Brain Pickings

Posts Tagged ‘history’

06 OCTOBER, 2011

Hark! A Vagrant: Witty Comics about Historical & Literary Figures

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Training for presidents, Victorian dude-spotting, and what the Brontë Sisters have to do with Jules Verne.

From New Yorker cartoonist Kate Beaton comes Hark! A Vagrant — a witty and wonderful collection of comics about historical and literary figures and events, based on her popular web comic of the same name. Scientists and artists, revolutionaries and superheroes, suffragists and presidents — they’re all there, as antique hipsters, and they’re all skewered with equal parts comedic and cerebral prod.

Beaton, whose background is in history and anthropology, has a remarkable penchant for conveying the momentous through the inane, aided by a truly special gift for simple, subtle, incredibly expressive caricature. From dude spotting with the Brontë Sisters to Nikola Tesla and Jane Austen dodging groupies, the six-panel vignettes will make you laugh out loud and slip you a dose of education while you aren’t paying attention.

I think comics about topics like history or literature can be amazing educational tools, even at their silliest. So if you learn or look up a thing or two after reading these comics, and you’ve enjoyed them, then I will be more than pleased! If you’re just in it for the silly stuff, then there is plenty of that to go around, too.” ~ Kate Beaton

Beaton is also a masterful writer, her dialogue and captions adding depth to what’s already an absolute delight.

Handsome and hilarious, the six-panel stories in Hark! A Vagrant will undo all the uptightness about history instilled in you by academia, leaving you instead with a hearty laugh and some great lines for dinner party conversation.

Images courtesy of Kate Beaton / Drawn and Quarterly

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06 OCTOBER, 2011

Bob Dylan & Other Icons Resurrect the Unfinished Lost Songs of Hank Williams

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What Jack White has to do with dumpster-diving for music history.

Legendary singer-songwriter Hank Williams was only 29 when he died in the back of a car in 1953, yet in his short life he shaped the course of American music for decades to come. Some of the most celebrated rock’n’roll pioneers — including Elvis Presley, Bob Dylan, Jerry Lee Lewis, and Carl Perkins — got their start recording Williams songs. He has a posthumous special citation from the Pulitzer Prize, he’s been inducted into just about every American music hall of fame, and earlier this year he entered the loftiest of them all, the Recording Academy Grammy Hall of Fame.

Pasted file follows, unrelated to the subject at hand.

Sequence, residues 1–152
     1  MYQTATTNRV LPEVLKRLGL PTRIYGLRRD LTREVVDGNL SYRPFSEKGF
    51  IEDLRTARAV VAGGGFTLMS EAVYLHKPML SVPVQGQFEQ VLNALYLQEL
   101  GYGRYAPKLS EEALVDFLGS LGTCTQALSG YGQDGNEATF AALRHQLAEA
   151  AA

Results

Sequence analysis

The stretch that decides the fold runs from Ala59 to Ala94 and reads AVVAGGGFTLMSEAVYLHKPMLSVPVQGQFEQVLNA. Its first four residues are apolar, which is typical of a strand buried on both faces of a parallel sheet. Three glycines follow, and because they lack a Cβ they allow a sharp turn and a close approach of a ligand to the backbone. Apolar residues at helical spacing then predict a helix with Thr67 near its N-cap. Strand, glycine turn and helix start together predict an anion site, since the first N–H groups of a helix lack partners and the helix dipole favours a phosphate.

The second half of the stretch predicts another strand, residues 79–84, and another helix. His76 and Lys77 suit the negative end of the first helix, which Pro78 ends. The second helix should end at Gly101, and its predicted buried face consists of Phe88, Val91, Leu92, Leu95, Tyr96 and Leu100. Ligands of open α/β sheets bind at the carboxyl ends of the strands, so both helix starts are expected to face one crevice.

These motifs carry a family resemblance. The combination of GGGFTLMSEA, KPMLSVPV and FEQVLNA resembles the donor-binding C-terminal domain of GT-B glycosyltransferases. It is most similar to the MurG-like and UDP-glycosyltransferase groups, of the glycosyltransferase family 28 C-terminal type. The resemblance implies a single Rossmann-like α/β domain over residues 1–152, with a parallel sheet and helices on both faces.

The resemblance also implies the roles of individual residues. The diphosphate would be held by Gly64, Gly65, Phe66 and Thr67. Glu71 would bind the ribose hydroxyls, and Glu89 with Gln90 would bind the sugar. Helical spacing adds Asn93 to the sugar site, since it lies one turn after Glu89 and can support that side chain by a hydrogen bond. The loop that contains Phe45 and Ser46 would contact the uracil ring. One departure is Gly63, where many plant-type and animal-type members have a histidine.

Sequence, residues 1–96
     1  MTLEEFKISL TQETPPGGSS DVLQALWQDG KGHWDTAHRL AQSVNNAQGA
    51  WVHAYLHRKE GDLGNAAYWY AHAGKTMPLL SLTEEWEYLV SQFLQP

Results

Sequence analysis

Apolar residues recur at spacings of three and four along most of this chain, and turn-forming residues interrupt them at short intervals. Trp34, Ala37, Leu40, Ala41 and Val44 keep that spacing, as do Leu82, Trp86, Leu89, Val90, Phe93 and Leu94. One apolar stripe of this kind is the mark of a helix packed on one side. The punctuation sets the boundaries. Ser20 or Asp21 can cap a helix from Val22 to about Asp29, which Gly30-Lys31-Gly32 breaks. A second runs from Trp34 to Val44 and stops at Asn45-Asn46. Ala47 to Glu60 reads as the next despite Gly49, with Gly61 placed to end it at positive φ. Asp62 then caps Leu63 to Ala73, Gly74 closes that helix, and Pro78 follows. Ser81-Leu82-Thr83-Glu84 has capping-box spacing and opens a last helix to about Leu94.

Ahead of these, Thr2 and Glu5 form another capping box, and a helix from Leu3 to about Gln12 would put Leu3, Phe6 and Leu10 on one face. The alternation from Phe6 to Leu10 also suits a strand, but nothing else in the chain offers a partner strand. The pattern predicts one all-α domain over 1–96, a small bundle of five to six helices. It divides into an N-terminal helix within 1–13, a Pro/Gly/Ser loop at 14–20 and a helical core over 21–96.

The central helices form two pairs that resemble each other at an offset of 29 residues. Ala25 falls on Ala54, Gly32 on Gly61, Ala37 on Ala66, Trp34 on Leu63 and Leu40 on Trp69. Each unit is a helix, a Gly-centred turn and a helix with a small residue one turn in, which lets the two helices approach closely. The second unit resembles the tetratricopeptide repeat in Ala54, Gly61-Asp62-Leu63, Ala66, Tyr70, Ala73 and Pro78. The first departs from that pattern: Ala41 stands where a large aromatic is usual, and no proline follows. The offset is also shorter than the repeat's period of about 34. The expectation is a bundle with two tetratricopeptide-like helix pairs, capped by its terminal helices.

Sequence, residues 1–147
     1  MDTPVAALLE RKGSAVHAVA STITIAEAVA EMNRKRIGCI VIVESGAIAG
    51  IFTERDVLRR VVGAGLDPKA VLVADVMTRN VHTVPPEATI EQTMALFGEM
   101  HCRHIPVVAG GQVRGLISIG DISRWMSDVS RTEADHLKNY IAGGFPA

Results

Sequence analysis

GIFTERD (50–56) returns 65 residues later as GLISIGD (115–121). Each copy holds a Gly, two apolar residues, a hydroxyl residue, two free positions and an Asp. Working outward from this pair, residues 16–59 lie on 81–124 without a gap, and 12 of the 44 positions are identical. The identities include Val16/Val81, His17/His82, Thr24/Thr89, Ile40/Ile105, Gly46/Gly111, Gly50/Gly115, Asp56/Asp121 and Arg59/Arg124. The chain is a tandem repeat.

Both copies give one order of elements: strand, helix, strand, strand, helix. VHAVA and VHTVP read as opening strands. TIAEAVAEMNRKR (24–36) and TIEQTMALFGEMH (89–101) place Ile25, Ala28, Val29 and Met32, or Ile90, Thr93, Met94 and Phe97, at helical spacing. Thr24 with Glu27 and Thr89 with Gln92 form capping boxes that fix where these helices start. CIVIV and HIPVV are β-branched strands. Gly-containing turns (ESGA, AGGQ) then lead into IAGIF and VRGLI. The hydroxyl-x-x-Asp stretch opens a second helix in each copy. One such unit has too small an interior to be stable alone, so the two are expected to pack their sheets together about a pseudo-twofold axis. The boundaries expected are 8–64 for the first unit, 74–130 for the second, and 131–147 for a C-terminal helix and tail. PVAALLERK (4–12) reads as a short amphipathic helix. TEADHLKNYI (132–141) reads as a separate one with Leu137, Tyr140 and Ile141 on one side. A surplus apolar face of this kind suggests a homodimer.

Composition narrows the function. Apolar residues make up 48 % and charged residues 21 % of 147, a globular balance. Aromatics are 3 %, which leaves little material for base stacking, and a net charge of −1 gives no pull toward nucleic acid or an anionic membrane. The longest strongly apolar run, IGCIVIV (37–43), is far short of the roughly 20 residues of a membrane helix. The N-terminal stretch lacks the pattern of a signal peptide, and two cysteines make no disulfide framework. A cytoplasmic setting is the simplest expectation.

In 2006, while handling a company dumpster, a janitor of Sony/ATV Music Publishing made a serendipitous discovery: In the dumpster were the unfinished lyrics found in Williams’s car the night he died. The lyrics eventually made their way to Bob Dylan in 2008, who set out to complete the songs for an affectionate album release celebrating Williams’s legacy. Three years in the making, the remarkable The Lost Notebooks of Hank Williams is out this week and features a formidable roster of musicians performing Williams’s unfinished songs, including Jack White, Norah Jones, Lucinda Williams, Alan Jackson, Sheryl Crow, and of course Dylan himself.

You can sample the goodness below and hear the entire Jack White track on Rolling Stone’s exclusive stream.

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30 SEPTEMBER, 2011

A Map of Woman’s Heart: Appalling Victorian Gender Stereotypes, in Illustrated Cartography

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From coquetry to selfishness, or what the Sea of Wealth has to do with the City and District of Love.

Nineteenth-century ideals of womanhood and beauty expressed as much about women as they did about the society in which they were germinated. At a time of radical sociocultural and economic shifts — rapid urbanization, new modes of transportation and communication, increasing mechanization of industry — the expectations for women’s role in society shifted as well, with an idealized version of what was known as “True Womanhood” underpinning pop culture representations of women in everything from newspaper advice columns to art.

A Map of the Open Country of a Woman’s Heart was a map created by D. W. Kellogg circa 1833–1842, in the tradition of these maps of the human condition you might recall, subtitled “Exhibiting its internal communications, and the facilities and dangers to Travellers therein.” Though it mostly depicts Woman as a sentimental, selfish, and superficial being driven by vanity, it places Love at the center of her heart, with Good Sense, Patience, and Prudence at its tip — or bottom, depending on the interpretation.